Kidney donation chain

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Barb Bunnell knew many years ago that she would need a new kidney.

”I have a family history of polycystic kidney disease,” she said.  

That disease, diagnosed in her early 30s, meant someday Bunnell’s kidneys would stop working.

“It usually becomes a problem in your mid-50s when kidneys begin to fail,” she said.

And early in their marriage, Barb and husband Ron, an executive vice-president at Banner Health, decided he would donate her a kidney. After all, they were compatible and he was willing.

“I not only wanted her to have a kidney, I wanted it to be my kidney,” Ron recalls.

But when the time came, Ron and Barb were in for a surprise.

“It was determined that because I had had children with him that I had developed antibodies and, therefore, would reject his kidney,” Barb remembers.

Devastated, Barb got on the kidney transplant list, but with more than 80,000 people waiting, she knew she may end up on dialysis.

“If I was going to be on dialysis, I was not going to be very mobile and it would have been a very different lifestyle,” she said.

So Ron and Barb began looking at the idea of paired donations with a live donor.

“You have an incompatible pair donating to another incompatible pair,“ Barb said.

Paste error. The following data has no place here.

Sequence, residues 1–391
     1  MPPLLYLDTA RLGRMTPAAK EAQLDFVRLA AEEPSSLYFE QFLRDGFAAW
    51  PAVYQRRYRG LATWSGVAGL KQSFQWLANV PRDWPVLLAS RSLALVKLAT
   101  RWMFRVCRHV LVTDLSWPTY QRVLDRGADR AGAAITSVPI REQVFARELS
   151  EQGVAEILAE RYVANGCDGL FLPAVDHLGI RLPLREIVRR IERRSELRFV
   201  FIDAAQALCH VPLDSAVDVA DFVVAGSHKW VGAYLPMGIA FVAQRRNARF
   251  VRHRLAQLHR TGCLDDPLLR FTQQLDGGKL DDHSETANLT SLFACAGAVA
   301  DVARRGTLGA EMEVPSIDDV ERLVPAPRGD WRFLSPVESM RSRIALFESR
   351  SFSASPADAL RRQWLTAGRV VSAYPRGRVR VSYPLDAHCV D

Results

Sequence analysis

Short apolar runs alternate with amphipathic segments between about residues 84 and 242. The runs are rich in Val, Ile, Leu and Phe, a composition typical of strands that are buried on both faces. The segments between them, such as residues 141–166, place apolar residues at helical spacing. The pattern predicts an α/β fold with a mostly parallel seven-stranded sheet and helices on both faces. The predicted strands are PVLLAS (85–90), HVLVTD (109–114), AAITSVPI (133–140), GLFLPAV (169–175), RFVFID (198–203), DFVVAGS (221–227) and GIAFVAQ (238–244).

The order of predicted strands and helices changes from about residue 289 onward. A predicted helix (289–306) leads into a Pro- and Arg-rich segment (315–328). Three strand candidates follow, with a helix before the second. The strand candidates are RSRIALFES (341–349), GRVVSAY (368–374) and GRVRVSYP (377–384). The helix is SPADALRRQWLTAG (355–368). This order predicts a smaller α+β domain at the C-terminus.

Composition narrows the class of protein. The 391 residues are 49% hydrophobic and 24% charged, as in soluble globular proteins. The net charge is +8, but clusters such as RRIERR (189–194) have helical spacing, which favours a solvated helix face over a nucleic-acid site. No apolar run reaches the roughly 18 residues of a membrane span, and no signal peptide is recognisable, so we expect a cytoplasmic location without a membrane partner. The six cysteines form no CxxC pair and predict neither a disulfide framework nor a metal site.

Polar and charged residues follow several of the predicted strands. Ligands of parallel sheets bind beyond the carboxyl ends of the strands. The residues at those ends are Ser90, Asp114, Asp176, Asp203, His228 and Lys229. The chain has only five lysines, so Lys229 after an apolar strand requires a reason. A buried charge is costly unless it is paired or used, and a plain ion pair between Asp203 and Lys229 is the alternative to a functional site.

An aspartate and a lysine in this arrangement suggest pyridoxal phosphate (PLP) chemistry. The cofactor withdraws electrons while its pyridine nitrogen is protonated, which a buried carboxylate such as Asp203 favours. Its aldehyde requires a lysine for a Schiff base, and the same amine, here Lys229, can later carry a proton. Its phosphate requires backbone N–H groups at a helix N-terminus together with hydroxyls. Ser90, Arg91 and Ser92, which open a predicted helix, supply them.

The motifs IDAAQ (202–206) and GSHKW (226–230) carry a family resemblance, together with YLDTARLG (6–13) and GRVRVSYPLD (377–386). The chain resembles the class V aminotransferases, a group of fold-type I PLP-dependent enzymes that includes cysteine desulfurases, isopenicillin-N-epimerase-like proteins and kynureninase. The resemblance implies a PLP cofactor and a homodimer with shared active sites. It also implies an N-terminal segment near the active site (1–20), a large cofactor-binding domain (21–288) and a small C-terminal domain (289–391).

Ron adds that the idea also frees up a donated kidney from someone in the traditional donation method, that is someone who had died in an accident, for example.

“We felt like we did not want to take a cadaver kidney out of the system, let that go to somebody who doesn't have a willing donor,” he said.

But, there was only a 2 percent chance of finding a compatible pair, one willing to donate and one in need. That is when Ron, Barb and Dr. Mike Rees hit upon an idea. What if it was more than another couple?

”To do a pair donation, you can do a pay-it-forward kidney chain,” Ron said.  

“Our odds improve to about 20 percent of finding a good match,” Barb adds.

Remember that is compared to a 2 percent possible match with just one other couple.

But, to start the chain, you need someone willing to give without needing a kidney in return. For Barb that was Matt Jones.

He was a perfect stranger, but also a perfect match, and he had volunteered do donate a kidney.

“His answer was always a person has two kidneys and you only need one, so why not?” Barb said.

The second possible problem, what if someone backed out along the way?

“But what we found is that just doesn't happen, people really do live up to their commitments,“ Ron said.

In fact as an article from People magazine shows, in a 20-person chain, no one backed out and the final donor is still waiting for a match to give to.

“So it is called a never-ending chain of donors,” Barb said.

And Ron said that means even though they are down to one kidney each, life has never been richer.

“It is not just about kidneys," Ron said. "It has changed our philosophical approach to life. We really believe in this whole belief that you should pay things forward.“

Since Ron is a VP at Banner, he has advocated for living donation chains here and of course you can always sign up to the donor network at kiosks in any Banner hospital or here.